Mourners say goodbye to fallen Stanislaus County sheriff’s deputy
Carlos Vasquez said he found it difficult to speak in front of a large audience about the life of his brother, Stanislaus County Sheriff’s Deputy Antonio “Tony” Hinostroza, who died recently in a car crash near Riverbank.
Vasquez said it was tough to try to encapsulate his brother’s entire life in a eulogy. But he found a way, saying one of his brother’s great attributes was meeting every challenge. It was reflective in Hinostroza’s military service, his work in law enforcement and dedication to his family and friends.
“In fact, the harder something was, the more determined he became,” Vasquez told the several hundred people who gathered in Modesto on Thursday to honor his brother’s life.
Law enforcement officials from around the Northern San Joaquin Valley attended the memorial service at The House on Coffee Road to pay their respects to Hinostroza, 45, who on Nov. 25 was on his way to help deputies involved in a chase in Riverbank before he died in a wreck.
Hinostroza’s patrol car hit a traffic-signal pole at Terminal Avenue and Claribel Road shortly before 10 p.m. The suspected drunk driver the deputies were chasing was captured and is facing prosecution.
Stanislaus Sheriff Adam Christianson said Hinostroza was an example of the numerous deputies and officers in law enforcement throughout the country who risk their lives to help others.
“Deputy Tony Hinostroza served his country, his community and the sheriff’s office with honor and distinction; daring to do the hard things, committed to his chosen profession and willing to go to dark and desperate places no one else is willing to go,” Christianson told the audience at the memorial service.
Also in attendance were state Attorney General Xavier Becerra, Modesto Police Chief Galen Carroll, Stanislaus County District Attorney General Birgit Fladager and members of the Stanislaus Superior Court bench.
Hinostroza enlisted in the U.S. Marines in 1992 when he was 18 years old; serving four years in active duty and another four years as a reserve. He served in a variety of roles, including as a member of an anti-terrorism reactionary force, security for Naval Intelligence and squad leader for special operations unit.
After his military service, Hinostroza worked as an emergency dispatcher before he enrolled in the police academy. Christianson said Hinostroza first worked for the then Waterford Police Department before being hired by the Stanislaus County Sheriff’s Department; first as a reserve in 1998 and then as a sworn-in full-time deputy in 1999.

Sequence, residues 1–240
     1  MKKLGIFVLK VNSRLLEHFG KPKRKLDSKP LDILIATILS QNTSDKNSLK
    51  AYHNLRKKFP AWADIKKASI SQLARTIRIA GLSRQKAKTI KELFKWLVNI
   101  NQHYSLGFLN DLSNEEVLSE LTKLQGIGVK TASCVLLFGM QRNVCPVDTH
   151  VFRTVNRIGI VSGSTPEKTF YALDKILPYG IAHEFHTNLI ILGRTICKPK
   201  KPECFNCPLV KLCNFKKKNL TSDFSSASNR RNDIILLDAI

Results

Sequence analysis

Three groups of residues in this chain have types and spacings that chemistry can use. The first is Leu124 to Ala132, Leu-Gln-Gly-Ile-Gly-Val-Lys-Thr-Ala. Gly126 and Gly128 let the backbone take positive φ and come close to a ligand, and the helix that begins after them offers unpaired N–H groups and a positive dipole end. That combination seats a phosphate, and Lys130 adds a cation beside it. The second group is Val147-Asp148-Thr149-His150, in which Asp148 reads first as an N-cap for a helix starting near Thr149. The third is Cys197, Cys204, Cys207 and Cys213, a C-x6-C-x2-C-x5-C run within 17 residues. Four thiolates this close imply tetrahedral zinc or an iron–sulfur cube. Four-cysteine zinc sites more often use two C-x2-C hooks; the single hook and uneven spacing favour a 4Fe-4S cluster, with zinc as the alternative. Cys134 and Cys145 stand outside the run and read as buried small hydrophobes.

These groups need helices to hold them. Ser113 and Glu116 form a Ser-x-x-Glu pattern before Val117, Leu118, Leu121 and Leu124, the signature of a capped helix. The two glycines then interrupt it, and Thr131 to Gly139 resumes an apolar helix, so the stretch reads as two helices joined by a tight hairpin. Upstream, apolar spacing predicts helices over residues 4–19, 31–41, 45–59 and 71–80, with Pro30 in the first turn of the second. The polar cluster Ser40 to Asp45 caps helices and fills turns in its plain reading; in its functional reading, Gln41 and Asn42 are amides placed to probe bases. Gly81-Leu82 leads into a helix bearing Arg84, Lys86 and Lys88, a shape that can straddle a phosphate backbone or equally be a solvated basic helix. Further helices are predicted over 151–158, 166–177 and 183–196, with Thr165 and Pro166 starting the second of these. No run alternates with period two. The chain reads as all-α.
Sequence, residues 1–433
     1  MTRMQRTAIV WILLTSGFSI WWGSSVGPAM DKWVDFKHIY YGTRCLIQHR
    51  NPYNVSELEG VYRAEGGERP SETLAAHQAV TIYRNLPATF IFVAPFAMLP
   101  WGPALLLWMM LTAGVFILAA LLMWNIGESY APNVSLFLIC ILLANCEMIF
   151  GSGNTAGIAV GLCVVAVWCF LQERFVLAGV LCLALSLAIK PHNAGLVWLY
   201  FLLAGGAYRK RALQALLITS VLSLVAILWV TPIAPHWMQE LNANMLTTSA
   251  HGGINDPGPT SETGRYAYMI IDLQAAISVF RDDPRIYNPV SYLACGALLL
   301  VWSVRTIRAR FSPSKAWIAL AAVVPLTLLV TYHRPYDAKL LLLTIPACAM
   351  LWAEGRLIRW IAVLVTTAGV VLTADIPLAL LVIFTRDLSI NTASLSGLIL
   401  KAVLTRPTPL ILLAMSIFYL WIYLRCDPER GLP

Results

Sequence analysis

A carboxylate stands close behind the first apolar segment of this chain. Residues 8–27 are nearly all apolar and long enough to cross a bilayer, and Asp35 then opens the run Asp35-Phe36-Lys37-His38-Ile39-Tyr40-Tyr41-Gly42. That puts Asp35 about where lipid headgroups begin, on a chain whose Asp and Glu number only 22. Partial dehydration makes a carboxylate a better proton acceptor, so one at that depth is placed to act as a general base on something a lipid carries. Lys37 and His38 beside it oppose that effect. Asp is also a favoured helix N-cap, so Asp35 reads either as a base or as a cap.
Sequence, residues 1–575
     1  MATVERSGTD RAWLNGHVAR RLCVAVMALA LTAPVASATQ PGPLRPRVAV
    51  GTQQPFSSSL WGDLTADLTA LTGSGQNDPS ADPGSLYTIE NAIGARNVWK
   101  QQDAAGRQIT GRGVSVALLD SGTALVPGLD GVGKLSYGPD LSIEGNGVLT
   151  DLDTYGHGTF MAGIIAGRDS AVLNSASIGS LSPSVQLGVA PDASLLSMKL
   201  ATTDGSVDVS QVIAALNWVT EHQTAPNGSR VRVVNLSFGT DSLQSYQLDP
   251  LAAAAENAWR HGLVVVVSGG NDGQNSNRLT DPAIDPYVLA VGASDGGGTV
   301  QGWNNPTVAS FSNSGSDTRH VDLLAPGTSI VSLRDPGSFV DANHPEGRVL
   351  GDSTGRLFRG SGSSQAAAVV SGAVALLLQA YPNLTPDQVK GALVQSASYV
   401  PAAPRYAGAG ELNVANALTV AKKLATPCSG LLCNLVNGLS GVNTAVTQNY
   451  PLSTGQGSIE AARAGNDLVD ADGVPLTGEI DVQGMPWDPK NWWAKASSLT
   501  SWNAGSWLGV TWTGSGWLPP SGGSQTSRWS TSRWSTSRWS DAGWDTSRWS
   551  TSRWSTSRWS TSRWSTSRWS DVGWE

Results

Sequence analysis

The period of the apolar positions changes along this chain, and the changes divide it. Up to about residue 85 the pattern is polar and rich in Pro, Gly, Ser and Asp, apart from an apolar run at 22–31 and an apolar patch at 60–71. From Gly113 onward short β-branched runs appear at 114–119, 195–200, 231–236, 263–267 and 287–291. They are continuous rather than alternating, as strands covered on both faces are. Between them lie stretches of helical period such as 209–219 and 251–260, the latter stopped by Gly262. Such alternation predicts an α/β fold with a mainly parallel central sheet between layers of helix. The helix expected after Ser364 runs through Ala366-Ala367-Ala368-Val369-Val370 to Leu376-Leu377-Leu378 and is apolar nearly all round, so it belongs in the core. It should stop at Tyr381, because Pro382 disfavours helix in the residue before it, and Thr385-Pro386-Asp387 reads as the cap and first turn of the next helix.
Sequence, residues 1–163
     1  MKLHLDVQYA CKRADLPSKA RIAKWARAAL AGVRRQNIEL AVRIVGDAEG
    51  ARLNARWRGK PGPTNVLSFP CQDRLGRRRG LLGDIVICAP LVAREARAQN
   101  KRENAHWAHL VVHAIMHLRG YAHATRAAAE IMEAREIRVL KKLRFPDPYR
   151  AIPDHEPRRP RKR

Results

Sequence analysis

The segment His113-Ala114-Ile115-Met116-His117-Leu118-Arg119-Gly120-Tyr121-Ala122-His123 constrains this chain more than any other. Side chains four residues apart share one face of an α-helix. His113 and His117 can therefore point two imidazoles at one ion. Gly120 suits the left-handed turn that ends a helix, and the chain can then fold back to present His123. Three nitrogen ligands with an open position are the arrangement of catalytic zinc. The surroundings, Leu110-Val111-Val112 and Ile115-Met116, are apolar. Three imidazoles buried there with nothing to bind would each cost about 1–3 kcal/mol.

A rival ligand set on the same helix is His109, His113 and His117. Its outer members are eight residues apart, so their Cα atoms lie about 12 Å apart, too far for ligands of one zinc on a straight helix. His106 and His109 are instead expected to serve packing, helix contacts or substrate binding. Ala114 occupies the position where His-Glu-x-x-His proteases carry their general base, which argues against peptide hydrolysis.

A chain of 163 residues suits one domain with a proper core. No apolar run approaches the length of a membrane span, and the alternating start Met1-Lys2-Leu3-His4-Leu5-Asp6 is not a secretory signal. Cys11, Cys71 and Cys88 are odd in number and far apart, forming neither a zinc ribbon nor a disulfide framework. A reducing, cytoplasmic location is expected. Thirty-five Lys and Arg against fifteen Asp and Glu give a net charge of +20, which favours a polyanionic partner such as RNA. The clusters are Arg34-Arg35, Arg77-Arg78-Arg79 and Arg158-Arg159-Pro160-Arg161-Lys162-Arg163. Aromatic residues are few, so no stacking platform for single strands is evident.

In the Sheriff’s Department, Hinostroza worked as a patrol deputy, a member of the SWAT team, an investigator with the street gang unit, a member of security staff at the Stanislaus Superior Court and a K-9 handler with his canine partner “Max.”
Sgt. Mario Moreno first met Hinostroza while on the SWAT team. He said Hinostroza loved his job, and worked hard to improve. He said Hinostroza was known “to burn his own vacation time to pay his way through a training course” if he knew it would build his skills.
His fellow deputies had a variety of nicknames for Hinostroza, which included shorter versions of his last name. But the nickname that got the most reaction was “Hollywood.”
“Regardless of what mood I was in, this would always make me laugh,” Moreno told the audience in the Modesto church. “He always knew how to make people laugh. I’ll miss that.”
His friends and family said Hinostroza was loyal and an intense listener, who could convey a lot with his exaggerated facial expressions. His brother smiled while remembering how much Hinostroza loved Midori sour cocktails, maybe too much for a grown man. Vasquez also remembered Hinostroza’s big hugs, embraces that felt like he would never let go.
Alameda County Sheriff’s Deputy Joseph Delgado bonded with Hinostroza when they were both members of Stanislaus sheriff’s gang investigations unit. He said Hinostroza was at the forefront of strategic planning, always making sure each enforcement operation was successful and safe.
Hinostroza’s colleagues also remembered how he was always well-prepared for a long training session or a call for service that would require a lot of waiting around. They said he would inevitably pull out a burrito or pizza slice from a cargo pocket to munch on.
Delgado said Hinostroza always set the mood with hip-hop music, such as Coolio’s “Gangster’s Paradise,” in his car, when the investigators would head out Friday nights for gang suppression.
“Gangsters thought we were the coolest cops, because we listened to old-school and oldies and hip-hop,” Delgado told the audience.
Hinostroza received six awards from the California Highway Patrol for his work as a deputy recovering stolen vehicles. Christianson said Hinostroza recovered 22 stolen vehicles with auto theft suspects inside, which are called “Rolling Stolens.” Those recoveries resulted in 29 arrests over a two-year period. He also recovered 48 abandoned stolen vehicles.
The sheriff acknowledged in the audience Hinostroza’s mother, Gloria, and his son, Michael, telling them “You will always be part of our family.”
Christianson named the six Sheriff’s Department officials — including Hinostroza — who have died in the line of duty since December 2011.
“Words alone can never express the pain and anguish over what’s happened,” Christianson said about Hinostroza’s death. “Time will once again heal our pain, and we’ll never, ever forget Tony’s sacrifice.”